Permanent Message Handling

When Not to Manage Permanent Messages
Managing Permanent Messages
Implementing Permanent Message Handling

Messages received by a replica may be marked with special flag that indicates the message is permanent. Custom replicated applications will receive notification of this flag via the DB_REP_ISPERM return value from the DbEnv::rep_process_message() method. There is no hard requirement that a replication application look for, or respond to, this return code. However, because robust replicated applications typically do manage permanent messages, we introduce the concept here.

A message is marked as being permanent if the message affects transactional integrity. For example, transaction commit messages are an example of a message that is marked permanent. What the application does about the permanent message is driven by the durability guarantees required by the application.

For example, consider what the Replication Manager does when it has permanent message handling turned on and a transactional commit record is sent to the replicas. First, the replicas must transactional-commit the data modifications identified by the message. And then, upon a successful commit, the Replication Manager sends the master a message acknowledgment.

For the master (again, using the Replication Manager), things are a little more complicated than simple message acknowledgment. Usually in a replicated application, the master commits transactions asynchronously; that is, the commit operation does not block waiting for log data to be flushed to disk before returning. So when a master is managing permanent messages, it typically blocks the committing thread immediately before commit() returns. The thread then waits for acknowledgments from its replicas. If it receives enough acknowledgments, it continues to operate as normal.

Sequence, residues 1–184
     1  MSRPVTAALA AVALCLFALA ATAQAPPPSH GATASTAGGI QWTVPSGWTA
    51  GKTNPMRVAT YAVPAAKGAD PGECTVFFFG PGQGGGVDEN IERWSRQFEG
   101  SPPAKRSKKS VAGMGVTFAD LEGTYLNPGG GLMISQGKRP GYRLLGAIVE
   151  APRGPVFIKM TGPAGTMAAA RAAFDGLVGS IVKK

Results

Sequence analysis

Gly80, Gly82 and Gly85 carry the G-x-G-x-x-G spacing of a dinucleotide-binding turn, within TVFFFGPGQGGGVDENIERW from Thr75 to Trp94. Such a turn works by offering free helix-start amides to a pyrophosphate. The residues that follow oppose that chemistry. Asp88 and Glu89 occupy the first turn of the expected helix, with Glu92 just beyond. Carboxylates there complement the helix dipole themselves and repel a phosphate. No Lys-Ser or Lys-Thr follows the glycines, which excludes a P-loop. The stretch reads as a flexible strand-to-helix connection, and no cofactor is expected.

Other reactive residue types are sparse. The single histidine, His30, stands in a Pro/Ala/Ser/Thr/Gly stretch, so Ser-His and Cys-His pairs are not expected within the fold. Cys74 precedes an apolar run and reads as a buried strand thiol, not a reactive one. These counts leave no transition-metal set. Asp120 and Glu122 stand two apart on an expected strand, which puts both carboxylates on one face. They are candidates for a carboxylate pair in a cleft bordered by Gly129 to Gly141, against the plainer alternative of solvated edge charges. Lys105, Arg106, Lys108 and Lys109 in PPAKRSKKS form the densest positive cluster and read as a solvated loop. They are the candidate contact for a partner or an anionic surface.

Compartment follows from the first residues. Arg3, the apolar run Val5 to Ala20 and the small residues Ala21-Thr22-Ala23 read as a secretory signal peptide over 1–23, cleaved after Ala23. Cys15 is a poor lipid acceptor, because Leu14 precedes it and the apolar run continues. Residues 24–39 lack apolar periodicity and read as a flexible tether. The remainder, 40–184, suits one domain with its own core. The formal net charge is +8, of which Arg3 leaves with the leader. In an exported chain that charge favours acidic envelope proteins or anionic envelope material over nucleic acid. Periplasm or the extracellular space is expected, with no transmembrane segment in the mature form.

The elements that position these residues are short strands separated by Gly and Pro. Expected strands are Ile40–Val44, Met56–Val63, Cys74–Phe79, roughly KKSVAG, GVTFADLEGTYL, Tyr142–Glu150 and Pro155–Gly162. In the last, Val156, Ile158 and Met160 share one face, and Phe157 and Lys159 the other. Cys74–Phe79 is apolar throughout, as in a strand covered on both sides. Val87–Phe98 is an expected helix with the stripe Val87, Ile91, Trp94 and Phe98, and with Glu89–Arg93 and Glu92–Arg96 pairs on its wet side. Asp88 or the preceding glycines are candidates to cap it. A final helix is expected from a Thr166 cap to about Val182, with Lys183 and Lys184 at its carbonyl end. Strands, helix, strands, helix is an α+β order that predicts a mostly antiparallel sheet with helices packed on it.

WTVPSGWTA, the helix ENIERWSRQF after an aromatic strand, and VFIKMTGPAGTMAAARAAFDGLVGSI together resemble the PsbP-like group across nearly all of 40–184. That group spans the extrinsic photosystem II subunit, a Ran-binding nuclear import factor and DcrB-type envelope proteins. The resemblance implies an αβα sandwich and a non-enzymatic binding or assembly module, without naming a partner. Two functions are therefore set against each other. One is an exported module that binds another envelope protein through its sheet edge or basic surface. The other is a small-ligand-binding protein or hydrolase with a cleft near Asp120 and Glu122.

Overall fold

If the master does not receive message acknowledgments — or, more likely, it does not receive enough acknowledgments — the committing thread flushes its log data to disk and then continues operations as normal. The master application can do this because replicas that fail to handle a message, for whatever reason, will eventually catch up to the master. So by flushing the transaction logs to disk, the master is ensuring that the data modifications have made it to stable storage in one location (its own hard drive).

When Not to Manage Permanent Messages

There are two reasons why you might choose to not implement permanent messages. In part, these go to why you are using replication in the first place.

One class of applications uses replication so that the application can improve transaction through-put. Essentially, the application chooses a reduced transactional durability guarantee so as to avoid the overhead forced by the disk I/O required to flush transaction logs to disk. However, the application can then regain that durability guarantee to a certain degree by replicating the commit to some number of replicas.

Using replication to improve an application's transactional commit guarantee is called replicating to the network.